I’d been thinking about this for some time, as moving my jails and small databases onto an SSD pool should have a decent performance improvement, whilst also reducing the fragmentation on my HD pool.

As fortune would have it, I had a couple of old enterprise 480GB SSD’s lying around (removed from the hot-swap cages), so thought I’d make use of two spare SATA ports on the motherboard (I still have 2 left!) and add them into the system. They are just velcroed onto the top optical drive bay housing, but that should be fine.

Creating an SSD pool, with both drives as a mirror, provides some redundancy, and moving the jails and databases across was pretty simple thanks to this post on the IXsystems forum (what would I do without it?)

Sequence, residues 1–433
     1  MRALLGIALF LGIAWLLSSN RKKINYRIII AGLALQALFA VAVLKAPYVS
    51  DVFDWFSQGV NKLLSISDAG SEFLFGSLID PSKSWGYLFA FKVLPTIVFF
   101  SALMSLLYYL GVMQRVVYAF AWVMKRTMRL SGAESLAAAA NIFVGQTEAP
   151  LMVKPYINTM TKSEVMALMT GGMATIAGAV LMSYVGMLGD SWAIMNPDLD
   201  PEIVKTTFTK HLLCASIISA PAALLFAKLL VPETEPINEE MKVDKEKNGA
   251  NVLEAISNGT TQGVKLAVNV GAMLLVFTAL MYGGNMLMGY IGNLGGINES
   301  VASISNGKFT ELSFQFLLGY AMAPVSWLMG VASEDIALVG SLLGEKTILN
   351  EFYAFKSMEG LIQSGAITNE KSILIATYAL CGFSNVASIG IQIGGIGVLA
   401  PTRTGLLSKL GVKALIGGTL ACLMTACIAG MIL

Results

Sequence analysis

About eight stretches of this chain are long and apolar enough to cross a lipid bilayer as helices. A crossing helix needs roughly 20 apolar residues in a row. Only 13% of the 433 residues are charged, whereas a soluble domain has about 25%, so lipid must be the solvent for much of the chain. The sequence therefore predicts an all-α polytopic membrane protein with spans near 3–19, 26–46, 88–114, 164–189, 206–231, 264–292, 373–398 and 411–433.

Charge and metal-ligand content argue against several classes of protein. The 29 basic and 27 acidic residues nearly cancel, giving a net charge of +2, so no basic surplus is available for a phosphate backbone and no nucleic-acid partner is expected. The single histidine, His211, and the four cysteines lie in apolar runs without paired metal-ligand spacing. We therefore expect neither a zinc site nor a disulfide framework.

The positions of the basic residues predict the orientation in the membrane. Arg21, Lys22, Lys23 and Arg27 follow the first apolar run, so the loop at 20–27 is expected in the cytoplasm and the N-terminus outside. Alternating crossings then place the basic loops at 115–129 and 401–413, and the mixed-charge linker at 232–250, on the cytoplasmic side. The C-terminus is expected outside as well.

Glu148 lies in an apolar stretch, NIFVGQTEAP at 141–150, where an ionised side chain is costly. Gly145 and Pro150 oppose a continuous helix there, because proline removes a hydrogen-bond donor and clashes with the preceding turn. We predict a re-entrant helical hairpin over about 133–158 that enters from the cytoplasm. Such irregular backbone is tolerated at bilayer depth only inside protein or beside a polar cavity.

I’ve copied and pasted the key steps here for my future reference:

  1. Stop all jails (Jails->View Jails)
  2. Run these commands via CLI:
  3. zfs snapshot -r APEpool0/iocage@relocate
  4. zfs send -R APEpool/iocage@relocate | zfs receive -v APEpool0s/iocage
  5. zfs get -rH -o name -s received mountpoint APEpool0s/iocage | xargs -I {} sh -c "zfs set mountpoint=/{} {}; zfs mount {};"
  6. Change the Jail Root to /mnt/APEpool0s/iocage (Jails->Configuration)
  7. Start all jails
  8. Check that everything works and destroy the original jails dataset (main_pool/jails)

I did the same for 3 database datasets I have – embydb, ncdb and wpdb for emby, Nextcloud and WordPress respectively and then had to check all of the mount points from the jails back to the pool(s), as I’d covered off here.

It does make a nice improvement, especially on the three above, where the jail and database are now on an SSD instead of the HDD pool.

So my pool layout now looks like this:

ssd pool

Actually, if you look closely you’ll realise this was taken before the final step 8 of destroying the datasets on the original pool. In this screenshot, they are still there, but they are not now!